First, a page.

Se incluyen 126 pacientes con bronquiolitis moderada, 23 (18,6%) cumplen criterios urinarios de SIADH, ninguno grave ni menor de un mes. Los pacientes con criterios urinarios de SIADH tienen mayor incidencia de neumonía y/o atelectasia en la radiografía de tórax (21,7% vs. 1,9%; p=0,002), peor respuesta al tratamiento con adrenalina (69,5% vs. 28,1%; p=0,016), mayor asistencia respiratoria: oxigenoterapia de alto flujo (17,4% vs. 7,7%; p=0,016) y ventilación mecánica no invasiva (13% vs. 5,8%; p=0,034). Requieren más días oxigenoterapia (p=0,02) y tratamiento broncodilatador (p=0,04) y mayor ingreso en cuidados intensivos pediátricos (26,1% vs. 6,8%; p=0,007).

Conclusiones

Los pacientes mayores de 1 mes con bronquiolitis moderada y con criterios urinarios de SIADH tienen peor evolución respiratoria, mayor necesidad de soporte respiratorio, ingreso en UCIP y más alteraciones radiográficas. Por ello recomendamos realizar determinaciones de orina a estos pacientes para detectar precozmente el desarrollo de SIADH y cuidar el manejo hidroelectrolítico, previniendo el desarrollo de complicaciones potencialmente graves.

Palabras clave:
Bronquiolitis
Secreción inadecuada de hormona antidiurética
Virus respiratorio sincitial
Niños
Full Text
Introduction

Bronchiolitis is a disease of viral aetiology that is characterised by small and medium-calibre airway obstructions. Diagnosis is based on clinical criteria.1 It is defined as the first episode of respiratory distress, with wheezing in infants under the age of 12 months within the context of upper airway infection during epidemic seasons.2

Incidence of this disease is seasonal, and varies according to country. It affects up to 35.7% of the population during the epidemic season in Spain, with a frequency of hospital admissions of between 1% and 3.5%. Hospitalisation rates are even higher in patients with risk factors.3–5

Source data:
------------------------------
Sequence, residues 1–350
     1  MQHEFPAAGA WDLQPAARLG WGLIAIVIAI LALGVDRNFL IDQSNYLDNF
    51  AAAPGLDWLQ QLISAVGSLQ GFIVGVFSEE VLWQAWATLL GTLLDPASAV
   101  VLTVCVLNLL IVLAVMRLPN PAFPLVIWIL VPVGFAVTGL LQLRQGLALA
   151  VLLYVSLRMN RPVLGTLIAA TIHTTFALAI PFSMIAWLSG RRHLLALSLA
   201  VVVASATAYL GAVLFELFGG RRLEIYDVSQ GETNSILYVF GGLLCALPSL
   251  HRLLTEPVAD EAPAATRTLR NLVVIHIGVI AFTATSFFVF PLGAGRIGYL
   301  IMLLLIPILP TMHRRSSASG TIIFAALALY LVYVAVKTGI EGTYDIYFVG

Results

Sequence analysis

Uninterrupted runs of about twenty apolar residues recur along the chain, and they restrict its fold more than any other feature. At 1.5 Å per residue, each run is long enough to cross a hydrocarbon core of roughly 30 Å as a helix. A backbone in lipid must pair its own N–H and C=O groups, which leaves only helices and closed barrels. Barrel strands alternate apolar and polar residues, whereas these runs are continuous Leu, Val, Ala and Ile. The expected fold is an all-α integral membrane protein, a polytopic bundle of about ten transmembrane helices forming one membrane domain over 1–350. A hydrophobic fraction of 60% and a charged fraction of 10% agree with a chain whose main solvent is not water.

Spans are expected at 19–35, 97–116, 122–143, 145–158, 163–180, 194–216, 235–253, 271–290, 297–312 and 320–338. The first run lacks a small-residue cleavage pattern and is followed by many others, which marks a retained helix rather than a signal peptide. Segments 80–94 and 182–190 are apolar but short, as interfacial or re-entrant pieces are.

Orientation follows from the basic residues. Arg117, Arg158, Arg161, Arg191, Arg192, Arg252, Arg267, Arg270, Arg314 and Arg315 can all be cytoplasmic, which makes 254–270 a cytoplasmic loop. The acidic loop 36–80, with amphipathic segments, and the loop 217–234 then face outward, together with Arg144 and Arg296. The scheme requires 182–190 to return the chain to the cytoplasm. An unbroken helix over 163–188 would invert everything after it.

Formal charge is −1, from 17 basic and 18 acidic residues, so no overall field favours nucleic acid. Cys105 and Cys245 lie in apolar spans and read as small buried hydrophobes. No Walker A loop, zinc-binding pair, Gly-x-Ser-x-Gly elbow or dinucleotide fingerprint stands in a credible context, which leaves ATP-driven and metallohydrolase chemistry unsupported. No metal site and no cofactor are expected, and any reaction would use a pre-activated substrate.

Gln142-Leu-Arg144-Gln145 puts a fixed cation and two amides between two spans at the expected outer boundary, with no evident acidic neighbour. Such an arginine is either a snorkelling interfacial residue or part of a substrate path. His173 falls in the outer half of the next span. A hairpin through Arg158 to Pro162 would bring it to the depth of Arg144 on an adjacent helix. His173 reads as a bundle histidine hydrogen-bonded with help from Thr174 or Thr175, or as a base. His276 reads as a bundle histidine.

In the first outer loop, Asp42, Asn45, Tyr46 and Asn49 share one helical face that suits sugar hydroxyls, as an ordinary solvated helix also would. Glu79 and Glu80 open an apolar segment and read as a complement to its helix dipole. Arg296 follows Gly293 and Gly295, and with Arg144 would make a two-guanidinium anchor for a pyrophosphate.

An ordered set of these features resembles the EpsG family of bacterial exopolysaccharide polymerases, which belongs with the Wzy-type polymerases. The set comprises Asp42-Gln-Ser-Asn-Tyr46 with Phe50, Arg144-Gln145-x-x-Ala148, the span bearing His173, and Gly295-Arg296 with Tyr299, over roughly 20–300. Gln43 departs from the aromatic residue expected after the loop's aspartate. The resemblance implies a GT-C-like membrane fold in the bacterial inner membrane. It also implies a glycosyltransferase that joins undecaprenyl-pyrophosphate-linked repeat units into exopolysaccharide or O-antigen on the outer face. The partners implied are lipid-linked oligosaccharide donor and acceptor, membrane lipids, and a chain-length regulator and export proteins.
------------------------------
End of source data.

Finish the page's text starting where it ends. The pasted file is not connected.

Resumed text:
Fluid and electrolyte imbalance is an added difficulty when treating children with bronchiolitis. This imbalance is not always detected in the early stages, and diagnosis is sometimes delayed until severe complications typical of hyponatraemia develop, such as seizures or apnoea.5–8

The syndrome of inappropriate antidiuretic hormone secretion (SIADH) is characterised by the sustained release of antidiuretic hormone in the absence of usual stimuli (hyperosmolarity, hypotension and hypovolaemia).6

Studies analysing plasma ADH in children have found elevated levels in bronchiolitis, pneumonia, pneumothorax and asthma crises.7–9

The theory that is proposed within the context of bronchiolitis is that, due to pulmonary hyperinflation and hypoxia, the intrathoracic osmoreceptors that activate ADH secretion centrally receive false volume depletion signals. ADH acts in the renal collecting tubule, where the incorporation of aquaporins in the tubule's wall stimulates water absorption, forming very concentrated, high density urine with high concentrations of sodium. The ultimate result of these physiopathological changes is a reduction in plasma osmolality and dilutional hyponatraemia.7–9 Hyponatraemia is not diagnostic, since there are studies in which there are no differences in sodium plasma concentrations between the groups with high levels of ADH and normal levels of ADH.8

Therefore, the analysis of urine samples obtained by non-invasive methods can be useful in selecting patients with SIADH.

Most of the patients admitted due to bronchiolitis do not need venous cannulation, except for those in a severe condition or who reject feeding. Among these, blood tests do not always show osmolality and natraemia. Therefore, we propose a non-invasive method of detecting SIADH.

The objective of this study is to optimise management of SIADH during hospital admission by early identification, without implementing invasive techniques, of patients who meet urinary criteria for SIADH, and to compare their characteristics with those of all infants admitted to the emergency unit due to moderate or severe bronchiolitis, since they could potentially develop SIADH.